Rilla Scriptzilla


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“Bing Crosby Gary Crosby 1951″ by CBS (eBay item photo front publicity release) [Public domain], via Wikimedia Commons

In the past two years, I’ve become more acquainted with scriptwriting. This is odd because I’ve never though of myself as a scriptwriter. Scriptwriting requires me to utilize crisp segues to get to the point, which I think I have a knack for. It also challenges me to write out my vision of what is happening. I don’t get to practice this type of descriptive writing enough—oh, I write action, but not action this mapped out. So, tackling the tricks of the script is a fun exercise for me.

But there is another aspect to writing a script that I can’t get used to: the actors. These are people who don’t want to do things the way the script is written. Ever. I go from scriptwriter to patcher-upper, working to bring the actor-revised script back around to its point, the punchline of the joke or the principle message.

I’d prefer to write the script, turn it in, and watch the result without having any part in the massacre that takes place in the middle. I’d rather view the aftermath, saying, “Wow, nothing I wrote was used except that joke in Scene Two. And it wasn’t funny because it was set up all wrong.” Then I might cringe while my name rolled through the credits and be done with it.

“Stumme Coronation of Mary jpg” by Creator:Absolon Stumme ( [Public domain], via Wikimedia Commons

You see, scripts are a temptation to the control-prone writer, which I happen to be. When a writer works out the specifics of every movement and word of an actor, it can have one waxing a tad dictatorial. I want complete control. There, I said it! I want everything to go exactly as I see it in my mind. Well, sometimes I let things go when I see it played out and realize it doesn’t work as smoothly as it did in my head. I’m okay with changing that. You know me, I’m generous that way.

When I was young, my cousins and I would put on skits at family gatherings. I was in charge of these skits. Every year my cousins would revolt against my direction. Oh, all right, my tyranny. I shouted. I threatened. I hovered. It’s true.

Every year I became more and more convinced that I was not going to do another skit the next year. I tried letting a cousin direct it one year, saying, “You do the skit. No, do it this way.”

Obviously, that didn’t work.

I tried, “Oh, you guys should definitely do a skit! I think I’ll watch this year.”

That came off like I was sulking or something. I wasn’t. I just knew I’d take over and be hated for the rest of that visit. I could never seem to help myself.

Then came the skit-less years. No one understood why I didn’t head up those fun skits anymore. One cousin in particular, who’d been captain of the skit mutiny every year, came to me and asked, “Why don’t you put together our skits anymore? I miss it.”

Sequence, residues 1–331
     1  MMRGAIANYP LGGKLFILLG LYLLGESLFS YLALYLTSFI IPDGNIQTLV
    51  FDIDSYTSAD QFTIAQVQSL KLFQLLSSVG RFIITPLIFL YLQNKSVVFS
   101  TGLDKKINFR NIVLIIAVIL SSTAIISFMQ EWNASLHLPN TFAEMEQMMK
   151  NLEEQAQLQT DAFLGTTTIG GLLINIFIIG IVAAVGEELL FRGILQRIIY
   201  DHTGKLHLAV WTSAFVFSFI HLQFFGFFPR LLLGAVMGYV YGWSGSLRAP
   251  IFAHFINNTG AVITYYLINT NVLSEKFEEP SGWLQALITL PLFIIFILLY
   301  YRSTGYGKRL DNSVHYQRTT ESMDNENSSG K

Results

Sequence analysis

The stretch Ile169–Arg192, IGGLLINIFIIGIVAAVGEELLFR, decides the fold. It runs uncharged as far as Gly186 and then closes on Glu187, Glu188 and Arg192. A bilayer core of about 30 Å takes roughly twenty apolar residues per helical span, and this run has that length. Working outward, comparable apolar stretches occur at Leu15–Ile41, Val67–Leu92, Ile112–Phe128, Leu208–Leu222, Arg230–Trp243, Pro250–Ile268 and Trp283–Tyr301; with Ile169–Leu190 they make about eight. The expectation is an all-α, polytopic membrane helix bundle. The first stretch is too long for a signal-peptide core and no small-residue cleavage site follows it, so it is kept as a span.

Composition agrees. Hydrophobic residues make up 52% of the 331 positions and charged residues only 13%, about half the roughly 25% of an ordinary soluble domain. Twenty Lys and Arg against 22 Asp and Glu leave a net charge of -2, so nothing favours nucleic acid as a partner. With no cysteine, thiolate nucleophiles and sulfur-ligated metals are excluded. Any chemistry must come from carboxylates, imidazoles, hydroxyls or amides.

I laughed good-naturedly and said, “Because you were always mad at me for being so bossy.”

She crinkled her nose and smiled.

“And I am bossy,” I admitted. “I wish I weren’t, but it just comes over me.”

I don’t mean to be bossy. I really don’t. To be honest, becoming a mother confused me a great deal because, suddenly, I was completely within my rights to take charge. It was necessary. Someone needed to direct and instruct those crazy kids. Could that somebody actually be me? Yes! I was perfect for the part! And I have gotten, far and away, my fill of being in charge as a mom.

So, all that to say, I need to learn to loosen my choleric grip as a scriptwriter. And I can do it. I can let go. Just don’t overhaul the whole script on me, okay?

What I Knead


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I beg you not to hate me for what I’m about to tell you: I make my own bread.

I know, I know! I’m one of those people. I probably have my own wheat fields and store my scythe next to the 200-year-old quilting loom, which I’ve used to make intricate quilt patterns since I was three.

Okay, it’s not that bad. I just make bread. After breaking three bread machines, I went back to basics. Yes, it takes a big chunk out of my day, so I make about eight loaves at a time. This lasts us almost three weeks…if I don’t give any away. But I like to give it away.


I’m soy intolerant. It’s tough to find store-bought bread that isn’t made with soy products—the flour, the oil, the lecithin. Mainly, the soybean oil. That one really messes with me.

I could buy some specialty breads, but they cost at least twice as much. Homemade bread is equivalent to the price of the regular, store-bought varieties. That cost includes using butter, milk, honey, wheat germ, and sea salt. So, it’s healthier, heartier, and it tastes incredible.

It’s also a perk that my children think store-bought bread is a treat. Whoo hoo! We get Nature’s Own and Skippy today? Suddenly, I’m the greatest mom ever.

Punch that dough into shape!

Punch that dough into shape!

My sister came over to learn how to make bread. When it came time to knead it, I asked, “Wanna try?”

She worked the dough for a while. “Is this good?” she asked, showing me her progress.

“It needs to be more elastic. Punch and roll it.” I showed her what I meant. “Remember the Tae-Bo fast punch? That’s a good one.” I demonstrated.

She started laughing. “So this is why you like making bread,” she said as I socked the dough with a right uppercut.


Here’s my bread recipe presently. It changes. (Currently, I’m experimenting with yeast substitutes, since that’s the most expensive ingredient.) Feel free to substitute bread flour, since the bromate makes the bread less likely to fall apart. Using all-purpose flour means having to work the dough more to get a firmer loaf.